We hope you’ll join us and add to our illustrious fake history. The Space Unicorn Rangers Corps needs you.


Three-time Hugo Award winner Lynne M. Thomas is (in her day job) the Curator of Rare Books and Special Collections at Northern Illinois University in DeKalb, IL. She is perhaps best known as the co-editor of the Hugo Award-winning Chicks Dig Time Lords with Tara O’Shea, Whedonistas with Deborah Stanish, and the Hugo Award-nominated Chicks Dig Comics with Sigrid Ellis, all published by Mad Norwegian Press. Lynne is the former Editor-in-Chief of the Hugo Award-nominated Apex Magazine. She moderates the Hugo Award-winning SF Squeecast, a monthly podcast (with Elizabeth Bear, Paul Cornell, Seanan McGuire, Michael Damian Thomas and Catherynne M. Valente) in which a group of SF/F professionals get excited about stuff they like, and contributes to the Verity! Podcast (with Erika Ensign, L.M. Myles, Katrina Griffiths, Tansy Rayner Roberts and Deborah Stanish), where a bunch of smart women talk about Doctor Who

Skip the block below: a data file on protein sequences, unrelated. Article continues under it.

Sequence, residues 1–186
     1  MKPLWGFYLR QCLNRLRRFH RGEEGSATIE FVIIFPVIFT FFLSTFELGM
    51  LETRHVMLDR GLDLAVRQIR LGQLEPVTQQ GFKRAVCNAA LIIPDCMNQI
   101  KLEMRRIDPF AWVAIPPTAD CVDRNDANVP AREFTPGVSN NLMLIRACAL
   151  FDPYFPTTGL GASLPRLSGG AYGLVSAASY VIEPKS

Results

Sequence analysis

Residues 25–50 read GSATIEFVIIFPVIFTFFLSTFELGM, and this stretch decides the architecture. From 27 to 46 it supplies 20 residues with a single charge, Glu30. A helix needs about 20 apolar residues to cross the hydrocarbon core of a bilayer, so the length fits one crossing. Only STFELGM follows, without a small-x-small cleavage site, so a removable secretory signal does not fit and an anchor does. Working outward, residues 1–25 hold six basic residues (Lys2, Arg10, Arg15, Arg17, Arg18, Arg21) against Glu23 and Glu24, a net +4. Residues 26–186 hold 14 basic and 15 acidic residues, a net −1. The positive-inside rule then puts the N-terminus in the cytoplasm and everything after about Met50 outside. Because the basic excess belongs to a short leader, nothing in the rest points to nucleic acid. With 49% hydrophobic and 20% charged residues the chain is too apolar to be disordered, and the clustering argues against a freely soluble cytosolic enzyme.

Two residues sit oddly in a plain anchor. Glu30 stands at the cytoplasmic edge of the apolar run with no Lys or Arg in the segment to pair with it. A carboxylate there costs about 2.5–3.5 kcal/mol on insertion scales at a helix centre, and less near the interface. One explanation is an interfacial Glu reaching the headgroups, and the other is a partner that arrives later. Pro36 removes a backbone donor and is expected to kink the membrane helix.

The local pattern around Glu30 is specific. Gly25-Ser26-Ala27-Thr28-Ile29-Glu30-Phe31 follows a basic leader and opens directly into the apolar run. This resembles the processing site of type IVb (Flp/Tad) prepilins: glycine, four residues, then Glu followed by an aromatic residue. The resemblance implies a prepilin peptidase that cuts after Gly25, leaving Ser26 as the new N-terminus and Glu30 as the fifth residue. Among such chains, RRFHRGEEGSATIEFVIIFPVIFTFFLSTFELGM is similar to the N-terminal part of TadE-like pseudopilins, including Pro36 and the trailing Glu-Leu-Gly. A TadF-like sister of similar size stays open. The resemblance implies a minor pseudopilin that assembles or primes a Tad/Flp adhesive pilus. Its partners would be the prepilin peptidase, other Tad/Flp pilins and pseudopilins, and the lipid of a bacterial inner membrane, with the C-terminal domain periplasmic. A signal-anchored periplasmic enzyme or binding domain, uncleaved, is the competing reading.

Along with being a two-time Hugo Award nominee as the former Managing Editor of Apex Magazine (2012-2013), Michael Damian Thomas co-edited the Hugo-nominated Queers Dig Time Lords (Mad Norwegian Press, 2013) with Sigrid Ellis and Glitter & Mayhem (Apex Publications, 2013), with John Klima and Lynne M. Thomas. He also has worked as an Associate Editor on numerous books at Mad Norwegian Press, including the Hugo Award-winning Chicks Dig Time Lords (edited by Lynne M. Thomas and Tara O’Shea, 2010) and Hugo Award-nominated Chicks Dig Comics (edited by Lynne M. Thomas and Sigrid Ellis, 2012). Michael is also a contributor to the SF Squeecast podcast.